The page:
R M Bogan Archaeological Repository offers staff, anthropologists state-of-the-art curation and storage
An exhilarated professor points to rows and rows of boxes, eagerly pulling out worn spearheads, withered rocks and tattered fragments. He cannot wait to share the history, the findings of each piece. These artifacts, dating back thousands of years, each tell a story, and Jared Wood, Ph.D., RPA, is thrilled to be the anthropologist to help narrate them.
Wood, an assistant professor in the Department of Sociology & Anthropology at Georgia Southern University, spent years studying Native American settlements and mounds along the coastal plain and Savannah River Valley, and is now focusing his efforts on other understudied parts of south Georgia, piecing together remnants of the various groups that made up the inhabitants of the area as far back as 14,000 years ago. He and his colleagues will use the University’s laser scanning and 3D mapping technology, along with other archaeological techniques, to find patterns that will help determine the belief systems, cultures, settlement patterns and boundaries of the area for the last several millenia.
“This kind of work is like a puzzle,” said Wood. “I get to break out my detective skills to piece together this constantly changing mosaic of humanity.”
Once Wood and his team finish at a site, they bring artifacts to the lab for cleaning, labeling and curating (the process involving organization, conservation, storage and care of artifacts for the long term). It’s easy to imagine that storing of hundreds of boxes, each containing invaluable historical artifacts, in a large enough, safe place, can prove difficult.
Jared Wood, Ph.D.
Until recently, the Department kept artifacts in the secure labs at the Carroll Building on campus; however, thanks to a donation from Rose Mae Bogan Millikan, the staff can now store thousands of boxes and larger artifacts in a secure, state-of-the-art facility.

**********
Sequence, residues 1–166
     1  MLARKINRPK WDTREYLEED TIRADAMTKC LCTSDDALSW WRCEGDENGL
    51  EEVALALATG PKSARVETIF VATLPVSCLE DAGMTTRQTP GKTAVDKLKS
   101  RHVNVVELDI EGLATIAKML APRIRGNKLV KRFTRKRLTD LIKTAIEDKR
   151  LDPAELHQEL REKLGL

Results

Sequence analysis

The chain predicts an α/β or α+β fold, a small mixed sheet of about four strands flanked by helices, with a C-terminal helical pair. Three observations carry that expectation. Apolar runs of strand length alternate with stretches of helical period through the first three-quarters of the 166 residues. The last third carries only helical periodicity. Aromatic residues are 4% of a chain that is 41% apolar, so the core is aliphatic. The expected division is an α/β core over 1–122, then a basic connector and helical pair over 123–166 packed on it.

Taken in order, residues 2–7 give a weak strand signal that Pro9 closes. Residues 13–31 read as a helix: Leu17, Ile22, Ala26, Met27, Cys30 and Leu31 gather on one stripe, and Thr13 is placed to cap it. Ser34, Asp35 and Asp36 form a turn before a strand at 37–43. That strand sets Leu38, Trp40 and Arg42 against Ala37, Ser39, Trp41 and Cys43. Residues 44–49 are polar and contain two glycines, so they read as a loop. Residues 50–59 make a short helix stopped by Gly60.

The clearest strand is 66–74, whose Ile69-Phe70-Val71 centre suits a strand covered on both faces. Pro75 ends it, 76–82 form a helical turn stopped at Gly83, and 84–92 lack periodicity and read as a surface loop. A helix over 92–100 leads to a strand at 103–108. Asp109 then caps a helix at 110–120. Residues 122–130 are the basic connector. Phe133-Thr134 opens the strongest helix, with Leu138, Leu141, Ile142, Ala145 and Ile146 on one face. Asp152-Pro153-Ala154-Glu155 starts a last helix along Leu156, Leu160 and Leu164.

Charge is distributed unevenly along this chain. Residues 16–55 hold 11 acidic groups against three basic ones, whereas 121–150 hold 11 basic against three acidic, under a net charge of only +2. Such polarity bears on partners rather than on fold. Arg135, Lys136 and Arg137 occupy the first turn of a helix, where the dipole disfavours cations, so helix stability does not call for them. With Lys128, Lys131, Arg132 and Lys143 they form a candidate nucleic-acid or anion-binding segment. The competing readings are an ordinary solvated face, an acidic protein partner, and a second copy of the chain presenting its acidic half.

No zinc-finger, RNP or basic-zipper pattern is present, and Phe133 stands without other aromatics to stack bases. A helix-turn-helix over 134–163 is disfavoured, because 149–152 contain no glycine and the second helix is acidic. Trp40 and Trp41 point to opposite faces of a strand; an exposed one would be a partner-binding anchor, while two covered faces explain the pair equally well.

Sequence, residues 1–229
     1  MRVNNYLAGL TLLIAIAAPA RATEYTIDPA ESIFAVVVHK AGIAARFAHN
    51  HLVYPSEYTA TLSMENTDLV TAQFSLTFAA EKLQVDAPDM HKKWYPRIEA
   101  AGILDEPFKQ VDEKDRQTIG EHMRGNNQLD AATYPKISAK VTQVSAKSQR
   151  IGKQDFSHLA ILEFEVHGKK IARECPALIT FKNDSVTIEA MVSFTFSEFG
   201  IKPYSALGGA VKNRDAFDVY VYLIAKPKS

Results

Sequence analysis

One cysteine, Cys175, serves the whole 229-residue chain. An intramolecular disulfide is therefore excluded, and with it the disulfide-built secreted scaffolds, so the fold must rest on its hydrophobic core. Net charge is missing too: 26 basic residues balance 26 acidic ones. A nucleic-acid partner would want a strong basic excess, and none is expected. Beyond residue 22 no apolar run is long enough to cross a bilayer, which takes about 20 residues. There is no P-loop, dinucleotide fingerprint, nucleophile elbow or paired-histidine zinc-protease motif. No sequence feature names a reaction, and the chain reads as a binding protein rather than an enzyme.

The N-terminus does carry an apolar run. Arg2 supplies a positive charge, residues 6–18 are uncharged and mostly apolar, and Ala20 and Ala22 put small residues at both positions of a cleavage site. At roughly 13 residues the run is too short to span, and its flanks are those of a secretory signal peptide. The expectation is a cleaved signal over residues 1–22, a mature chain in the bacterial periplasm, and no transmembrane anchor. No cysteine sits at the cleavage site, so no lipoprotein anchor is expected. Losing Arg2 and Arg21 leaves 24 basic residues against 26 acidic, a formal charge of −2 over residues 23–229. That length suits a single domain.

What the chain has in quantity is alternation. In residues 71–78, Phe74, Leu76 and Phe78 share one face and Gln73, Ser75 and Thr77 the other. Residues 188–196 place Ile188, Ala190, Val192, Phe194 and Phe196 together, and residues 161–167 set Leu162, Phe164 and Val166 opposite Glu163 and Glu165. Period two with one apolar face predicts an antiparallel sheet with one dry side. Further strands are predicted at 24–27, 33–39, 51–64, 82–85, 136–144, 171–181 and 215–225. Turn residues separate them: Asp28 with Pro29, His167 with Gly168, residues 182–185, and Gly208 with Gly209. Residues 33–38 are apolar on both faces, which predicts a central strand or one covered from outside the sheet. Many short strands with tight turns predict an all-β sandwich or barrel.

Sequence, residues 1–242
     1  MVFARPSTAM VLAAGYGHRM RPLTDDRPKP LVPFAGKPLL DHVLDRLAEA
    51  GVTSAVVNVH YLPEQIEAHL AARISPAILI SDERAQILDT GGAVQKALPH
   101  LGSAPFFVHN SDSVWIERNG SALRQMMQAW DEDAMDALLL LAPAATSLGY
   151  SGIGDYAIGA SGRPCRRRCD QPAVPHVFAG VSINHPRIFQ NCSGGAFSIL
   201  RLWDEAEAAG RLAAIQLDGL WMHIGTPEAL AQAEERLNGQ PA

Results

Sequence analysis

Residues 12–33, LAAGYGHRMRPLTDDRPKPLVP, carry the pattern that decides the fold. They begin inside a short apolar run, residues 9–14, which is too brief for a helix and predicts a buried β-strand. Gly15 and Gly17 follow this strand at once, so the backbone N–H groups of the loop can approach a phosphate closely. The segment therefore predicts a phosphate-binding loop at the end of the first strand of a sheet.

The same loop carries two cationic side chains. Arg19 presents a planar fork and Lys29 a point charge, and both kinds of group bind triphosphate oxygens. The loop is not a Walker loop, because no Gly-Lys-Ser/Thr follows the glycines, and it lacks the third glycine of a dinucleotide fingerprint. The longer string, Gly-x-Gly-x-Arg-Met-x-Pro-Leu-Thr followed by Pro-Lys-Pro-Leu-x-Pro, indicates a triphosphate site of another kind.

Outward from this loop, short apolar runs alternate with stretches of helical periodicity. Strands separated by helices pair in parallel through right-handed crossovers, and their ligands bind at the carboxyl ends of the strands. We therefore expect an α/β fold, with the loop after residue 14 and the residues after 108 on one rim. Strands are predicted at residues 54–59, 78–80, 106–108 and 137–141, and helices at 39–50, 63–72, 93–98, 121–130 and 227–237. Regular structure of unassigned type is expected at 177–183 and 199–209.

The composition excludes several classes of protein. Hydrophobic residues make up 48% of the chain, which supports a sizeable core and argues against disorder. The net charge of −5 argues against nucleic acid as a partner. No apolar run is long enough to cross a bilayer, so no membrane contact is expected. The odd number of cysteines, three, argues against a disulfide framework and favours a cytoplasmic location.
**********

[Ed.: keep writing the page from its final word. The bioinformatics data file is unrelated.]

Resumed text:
“When you excavate a site, you have to have a plan,” explained Wood. “You have to know where you’re going to store the material after excavation, how you’re going to preserve it for other generations to study in years to come. This facility will allow us to do just that, and to be able to share it with other researchers and anthropologists in the region.”
The facility, the R M Bogan Archaeological Repository, located at 375 Lanier Drive, opened in May 2017 as part of the University’s new Central Warehouse. It is just under 6,000 square feet, and when combined with the lab spaces in Carroll, creates one of the largest archaeological research and curation facilities in the Southeast.
“As a result of investments by the University and Rose Mae, Georgia Southern is now in a position to offer both undergraduate and graduate students cutting-edge opportunities to work in well-designed archaeology lab and curation spaces,” said department chair Marieke Van Willigen, Ph.D. “Students can now experience the full gamut of professional activities – from excavating field sites to researching and preparing artifacts for curation. Our students couldn’t be in a better position to prepare for graduate school and employment.”
The Repository is one of only three such facilities in the state of Georgia to meet the federal government’s very strict standards for the curation of federally owned or administered archaeological collections. With high-density shelving, climate control, acid-free boxes, electronic access doors and special collections storage units, the Repository allows thousands of artifacts and documents to be kept securely right here on campus.
“The new facility greatly enhances our ability to accept outside collections and will benefit us in terms of research (in house as well as outside researchers), student training, and public outreach,” said Matthew Compton, Ph.D., curator of the Repository.
Wood swipes his secure ID and locks away the keys to the collections storage unit.
“I’m wonderfully overwhelmed with the amount of knowledge to be uncovered in our own backyards,” said Wood. “We live in a wonderful time and place for this kind of science, and we’re so happy to be expanding our own resources for archaeology as a University.”
Georgia Southern University, a public Carnegie Doctoral/Research University founded in 1906, offers 118 degree programs serving 20,673 students. Through eight colleges, the University offers bachelor’s, master’s and doctoral degree programs built on more than a century of academic achievement. Georgia Southern is recognized for its student-centered and hands-on approach to education. Visit GeorgiaSouthern.edu.